Among the many things that found its way through my thought processes when I found out we were moving to Brisbane was ‘what about our garden’.
I have never been much of a green thumb. I was lucky to water the grass. There was always something a bit OCD about me that I got easily annoyed at out of shape hedges, plants growing willy-nilly and leaves falling where they shouldn’t. It was easier to not get involved.
That is, until I discovered the world of succulents. I had them in my hair as I walked down the aisle not yet two years ago and also as decorations on the tables. Some of those succulents made it home with the guests and a few remained and were taken care of in our garden.
As our succulents grew, so did our love of them. They had babies, and we re-potted them and watched the next generation grow. Then we bought a couple more in different colours and varieties. Just a few here and there. And a few more. And they just grew and grew too. And so did our collection. You might say addiction, but the next thing you knew, we were regular little green thumbs spending weekends tending to our garden and creating a haven to relax in and enjoy.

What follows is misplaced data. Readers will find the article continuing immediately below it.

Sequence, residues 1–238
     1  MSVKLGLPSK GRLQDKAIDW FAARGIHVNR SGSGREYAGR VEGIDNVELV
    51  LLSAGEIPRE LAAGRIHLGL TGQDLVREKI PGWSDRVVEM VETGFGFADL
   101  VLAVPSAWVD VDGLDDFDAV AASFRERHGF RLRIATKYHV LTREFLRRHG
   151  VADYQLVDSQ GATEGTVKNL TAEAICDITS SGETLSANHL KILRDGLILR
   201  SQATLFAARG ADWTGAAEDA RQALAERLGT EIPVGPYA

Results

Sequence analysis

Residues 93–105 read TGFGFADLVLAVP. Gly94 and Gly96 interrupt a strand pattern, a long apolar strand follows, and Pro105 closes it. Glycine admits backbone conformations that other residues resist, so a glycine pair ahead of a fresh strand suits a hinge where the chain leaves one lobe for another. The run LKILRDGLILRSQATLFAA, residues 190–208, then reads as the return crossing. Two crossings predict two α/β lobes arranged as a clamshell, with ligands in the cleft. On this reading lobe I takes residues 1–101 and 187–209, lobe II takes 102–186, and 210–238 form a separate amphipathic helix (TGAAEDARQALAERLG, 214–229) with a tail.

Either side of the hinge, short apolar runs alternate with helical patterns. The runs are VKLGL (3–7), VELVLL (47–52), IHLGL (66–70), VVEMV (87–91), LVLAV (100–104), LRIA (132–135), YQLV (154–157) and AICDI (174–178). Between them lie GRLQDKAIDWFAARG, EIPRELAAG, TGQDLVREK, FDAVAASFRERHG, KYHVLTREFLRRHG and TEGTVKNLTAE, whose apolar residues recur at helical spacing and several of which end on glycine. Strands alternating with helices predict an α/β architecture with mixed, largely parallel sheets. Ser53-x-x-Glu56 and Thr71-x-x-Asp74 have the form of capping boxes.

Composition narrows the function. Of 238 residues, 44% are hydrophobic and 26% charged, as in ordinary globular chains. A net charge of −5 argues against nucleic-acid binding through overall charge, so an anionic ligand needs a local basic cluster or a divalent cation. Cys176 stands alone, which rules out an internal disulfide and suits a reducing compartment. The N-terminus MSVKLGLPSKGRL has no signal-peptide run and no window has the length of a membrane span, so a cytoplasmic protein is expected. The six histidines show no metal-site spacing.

Just when we had it looking the way we wanted we found out we were going to be moving. To Brisbane. Over 600 kilometres away. We were moving from country to inner-city.
When it came to looking for a place to live in Brisbane we looked at quite a few inner city apartments. Oooh, they were so tiny. For someone used to spreading out it was a bit of a culture shock to see what my new living conditions would be like. No gardens either, just a balcony space in most of them, so I had pretty much resigned myself to having to leave behind most of our new additions. Then we found a place that had all the inner-city elements we needed, with the bonus of a small garden space. I was bloomin excited, let me tell you.
So yes, our succulents came with us and have thrived in the Brisbane conditions. And we have thrived in the Brisbane conditions of so many nurseries. Because of course what did we do from the moment we arrived in Brisbane? We checked out all the local sights…. well, sights of a few nurseries anyway.
From little things big things grow. Our garden is a classic example.
With a New Year comes the opportunity for new beginnings. That’s why we all make resolutions, after all. To be better. To do things different. To live a more (insert inspiring word here) life.